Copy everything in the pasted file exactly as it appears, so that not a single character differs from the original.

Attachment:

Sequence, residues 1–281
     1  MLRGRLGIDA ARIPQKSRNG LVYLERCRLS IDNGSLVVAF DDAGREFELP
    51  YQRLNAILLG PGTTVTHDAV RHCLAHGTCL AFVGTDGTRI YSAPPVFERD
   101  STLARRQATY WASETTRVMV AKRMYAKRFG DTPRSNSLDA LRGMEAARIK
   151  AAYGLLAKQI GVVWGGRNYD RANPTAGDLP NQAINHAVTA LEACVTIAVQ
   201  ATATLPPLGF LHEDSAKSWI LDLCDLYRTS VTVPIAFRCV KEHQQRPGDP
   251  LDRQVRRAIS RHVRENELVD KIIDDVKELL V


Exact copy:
Sequence, residues 1–281
     1  MLRGRLGIDA ARIPQKSRNG LVYLERCRLS IDNGSLVVAF DDAGREFELP
    51  YQRLNAILLG PGTTVTHDAV RHCLAHGTCL AFVGTDGTRI YSAPPVFERD
   101  STLARRQATY WASETTRVMV AKRMYAKRFG DTPRSNSLDA LRGMEAARIK
   151  AAYGLLAKQI GVVWGGRNYD RANPTAGDLP NQAINHAVTA LEACVTIAVQ
   201  ATATLPPLGF LHEDSAKSWI LDLCDLYRTS VTVPIAFRCV KEHQQRPGDP
   251  LDRQVRRAIS RHVRENELVD KIIDDVKELL V